We are seeking faculty to co-lead either of these courses or to propose a mini-course on anther interesting topic outside their areas of expertise. If you are interested, contact either Libby Rankin (libby.rankin@und.nodak.edu) or Jim Antes (james.antes@und.nodak.edu).

The project is funded by the Bush Foundation, and faculty will receive a $500 stipend for their efforts.
-- Libby Rankin, Director, Office of Instructional Development, libby_rankin@und.nodak.edu, 777-4233

Faculty and staff invited to join interest groups

Faculty and staff with an interest in service learning and public scholarship are invited to join interest groups of the Center for Community Engagement.

The Service Learning Interest Group and Public Scholarship Interest Group are informal groups who receive information and invitations to events and participate in discussions and activities as they choose.

If you have not been receiving electronic communication from the Center and would like to be put on a mailing list for one of these groups, please let me know with a phone call or e-mail message.
-- Lana Rakow, Director, Center for Community Engagement, lanarakow@mail.und.nodak.edu, 777-2287

Student technology fee proposals sought

The Student Technology Fee Committee is calling for proposals for spring 2007 Technology Fee dollars.

The committee will make recommendations for proposals based on the following:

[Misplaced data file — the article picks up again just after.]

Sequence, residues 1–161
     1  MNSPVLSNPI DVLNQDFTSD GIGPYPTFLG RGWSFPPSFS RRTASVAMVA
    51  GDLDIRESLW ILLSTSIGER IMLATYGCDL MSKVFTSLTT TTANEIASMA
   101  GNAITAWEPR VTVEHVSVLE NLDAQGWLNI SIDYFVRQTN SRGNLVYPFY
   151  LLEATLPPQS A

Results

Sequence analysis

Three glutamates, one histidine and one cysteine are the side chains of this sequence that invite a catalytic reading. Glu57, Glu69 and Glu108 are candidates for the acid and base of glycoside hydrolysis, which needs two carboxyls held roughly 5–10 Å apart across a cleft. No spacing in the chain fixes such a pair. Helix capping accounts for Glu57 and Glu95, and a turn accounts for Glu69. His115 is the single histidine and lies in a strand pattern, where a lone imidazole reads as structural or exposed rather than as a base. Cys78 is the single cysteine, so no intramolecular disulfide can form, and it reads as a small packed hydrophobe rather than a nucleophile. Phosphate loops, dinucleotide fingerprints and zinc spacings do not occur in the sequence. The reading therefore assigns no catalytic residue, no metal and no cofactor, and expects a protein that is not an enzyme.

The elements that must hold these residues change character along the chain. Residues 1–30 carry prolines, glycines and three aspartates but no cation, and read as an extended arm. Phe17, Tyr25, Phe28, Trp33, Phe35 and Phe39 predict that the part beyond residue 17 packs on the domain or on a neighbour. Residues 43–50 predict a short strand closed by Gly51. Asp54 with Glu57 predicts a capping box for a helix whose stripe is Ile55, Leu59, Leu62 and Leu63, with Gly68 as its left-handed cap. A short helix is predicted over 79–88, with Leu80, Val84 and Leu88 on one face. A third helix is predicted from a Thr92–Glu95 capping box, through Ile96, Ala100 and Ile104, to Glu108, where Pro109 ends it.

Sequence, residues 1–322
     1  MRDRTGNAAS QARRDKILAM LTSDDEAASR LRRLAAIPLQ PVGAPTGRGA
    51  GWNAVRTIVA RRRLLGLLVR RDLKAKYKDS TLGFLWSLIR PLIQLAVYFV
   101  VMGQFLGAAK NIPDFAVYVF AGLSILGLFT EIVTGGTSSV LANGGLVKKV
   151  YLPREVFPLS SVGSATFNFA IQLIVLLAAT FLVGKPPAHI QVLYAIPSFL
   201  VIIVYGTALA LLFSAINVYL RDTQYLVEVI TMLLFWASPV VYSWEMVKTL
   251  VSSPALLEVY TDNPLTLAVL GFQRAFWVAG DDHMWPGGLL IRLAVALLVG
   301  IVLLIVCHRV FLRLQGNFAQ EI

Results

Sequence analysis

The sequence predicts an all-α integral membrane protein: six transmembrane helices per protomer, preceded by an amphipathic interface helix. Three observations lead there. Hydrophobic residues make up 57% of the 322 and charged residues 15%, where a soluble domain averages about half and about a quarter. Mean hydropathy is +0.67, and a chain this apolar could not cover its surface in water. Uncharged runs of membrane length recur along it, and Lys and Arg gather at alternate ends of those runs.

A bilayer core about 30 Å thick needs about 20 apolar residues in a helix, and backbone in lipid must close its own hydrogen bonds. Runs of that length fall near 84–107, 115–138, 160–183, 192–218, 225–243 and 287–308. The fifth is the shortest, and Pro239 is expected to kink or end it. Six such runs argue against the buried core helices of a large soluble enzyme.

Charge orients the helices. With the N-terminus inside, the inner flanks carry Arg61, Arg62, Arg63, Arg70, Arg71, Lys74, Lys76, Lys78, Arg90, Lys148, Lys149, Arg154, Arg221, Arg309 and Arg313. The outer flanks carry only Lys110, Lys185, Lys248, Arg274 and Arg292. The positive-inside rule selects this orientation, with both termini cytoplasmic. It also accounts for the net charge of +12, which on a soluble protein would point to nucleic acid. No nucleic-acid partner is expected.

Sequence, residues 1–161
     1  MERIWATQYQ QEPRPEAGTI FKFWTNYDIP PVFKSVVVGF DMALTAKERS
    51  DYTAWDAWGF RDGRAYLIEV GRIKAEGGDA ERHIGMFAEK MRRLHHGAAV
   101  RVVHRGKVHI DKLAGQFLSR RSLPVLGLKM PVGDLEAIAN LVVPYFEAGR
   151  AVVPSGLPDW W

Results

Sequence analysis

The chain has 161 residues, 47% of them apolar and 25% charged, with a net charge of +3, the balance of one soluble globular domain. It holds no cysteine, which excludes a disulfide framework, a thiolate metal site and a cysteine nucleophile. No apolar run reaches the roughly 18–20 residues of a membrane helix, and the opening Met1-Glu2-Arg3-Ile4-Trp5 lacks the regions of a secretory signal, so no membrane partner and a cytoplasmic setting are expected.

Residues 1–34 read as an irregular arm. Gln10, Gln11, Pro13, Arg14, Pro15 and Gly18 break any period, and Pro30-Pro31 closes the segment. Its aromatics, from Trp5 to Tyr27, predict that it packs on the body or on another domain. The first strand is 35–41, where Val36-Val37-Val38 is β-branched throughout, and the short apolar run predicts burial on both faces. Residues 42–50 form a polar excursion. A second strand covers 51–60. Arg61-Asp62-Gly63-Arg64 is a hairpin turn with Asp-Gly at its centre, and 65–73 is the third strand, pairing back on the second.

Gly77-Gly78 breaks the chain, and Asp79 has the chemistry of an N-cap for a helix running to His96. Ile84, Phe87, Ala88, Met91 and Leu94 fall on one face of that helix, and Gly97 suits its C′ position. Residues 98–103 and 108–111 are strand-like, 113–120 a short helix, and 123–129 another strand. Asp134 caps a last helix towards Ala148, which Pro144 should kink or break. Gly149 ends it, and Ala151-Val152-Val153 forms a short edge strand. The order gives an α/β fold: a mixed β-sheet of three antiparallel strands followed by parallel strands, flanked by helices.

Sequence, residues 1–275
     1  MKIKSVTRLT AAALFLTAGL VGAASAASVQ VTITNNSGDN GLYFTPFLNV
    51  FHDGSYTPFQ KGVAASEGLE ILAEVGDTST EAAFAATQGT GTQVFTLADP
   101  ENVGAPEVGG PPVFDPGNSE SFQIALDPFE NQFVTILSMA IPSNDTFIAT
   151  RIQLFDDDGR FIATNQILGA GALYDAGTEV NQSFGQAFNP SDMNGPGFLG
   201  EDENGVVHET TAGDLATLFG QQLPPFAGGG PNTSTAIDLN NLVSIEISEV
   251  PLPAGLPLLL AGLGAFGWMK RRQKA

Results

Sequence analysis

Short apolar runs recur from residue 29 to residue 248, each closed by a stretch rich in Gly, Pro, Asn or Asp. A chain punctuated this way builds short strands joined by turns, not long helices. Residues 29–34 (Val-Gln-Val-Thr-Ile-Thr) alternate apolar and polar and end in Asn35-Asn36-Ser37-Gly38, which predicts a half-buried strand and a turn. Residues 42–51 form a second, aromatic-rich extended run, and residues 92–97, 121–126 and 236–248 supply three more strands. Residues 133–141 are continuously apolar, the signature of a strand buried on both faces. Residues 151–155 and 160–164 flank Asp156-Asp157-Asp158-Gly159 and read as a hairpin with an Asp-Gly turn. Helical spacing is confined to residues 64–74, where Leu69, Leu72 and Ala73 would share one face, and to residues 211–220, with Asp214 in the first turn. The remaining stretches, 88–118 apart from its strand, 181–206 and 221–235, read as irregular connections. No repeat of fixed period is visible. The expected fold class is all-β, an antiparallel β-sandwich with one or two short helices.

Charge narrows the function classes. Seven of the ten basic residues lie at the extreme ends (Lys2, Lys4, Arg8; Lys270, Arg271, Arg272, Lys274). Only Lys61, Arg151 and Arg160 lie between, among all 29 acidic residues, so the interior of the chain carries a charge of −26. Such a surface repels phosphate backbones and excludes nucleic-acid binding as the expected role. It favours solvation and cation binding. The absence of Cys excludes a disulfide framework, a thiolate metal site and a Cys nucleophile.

Descriptive Criteria:
-- Dean’s ranking
-- Innovation
-- Student benefit
-- Impact on the curriculum and/or on research
-- How does this project address your unit’s strategic plan?

Demographic Criteria
-- Number of students served
-- Number of disciplines served

Unit Support
-- Access to equipment
-- Technical support
-- Matching funds from the department/unit
-- Technology available for redeployment

PLEASE NOTE: All proposals must be submitted using the spring 2007 (073) STF request form at www.und.edu/org/stf/forms.html or via e-mail from Carol Hjelmstad at carolhjelmstad@mail.und.edu. Departments/units should submit the proposals to their deans or directors for review and prioritization. Units which answer directly to vice presidents should submit proposals to them for review and prioritization. Vice presidents, deans and directors may have earlier deadlines.

The deadline to submit proposals to the Student Technology Committee at Stop 9041 is Friday, Nov. 3.

Proposal writers must consult with the various support offices on campus for costs associated with installation of equipment, accessibility issues, security concerns and adaptive technology. Unless departments are prepared to pay for these out of their own budgets, proposal writers should obtain estimates and include them as a part of the budget for the proposal. In addition, proposal writers must consult with Disability Support Services regarding adaptive technology needed for the proposal and with the Center for Instructional and Learning Technologies regarding the equipment requested for compatibility, installation issues, and ensuing issues.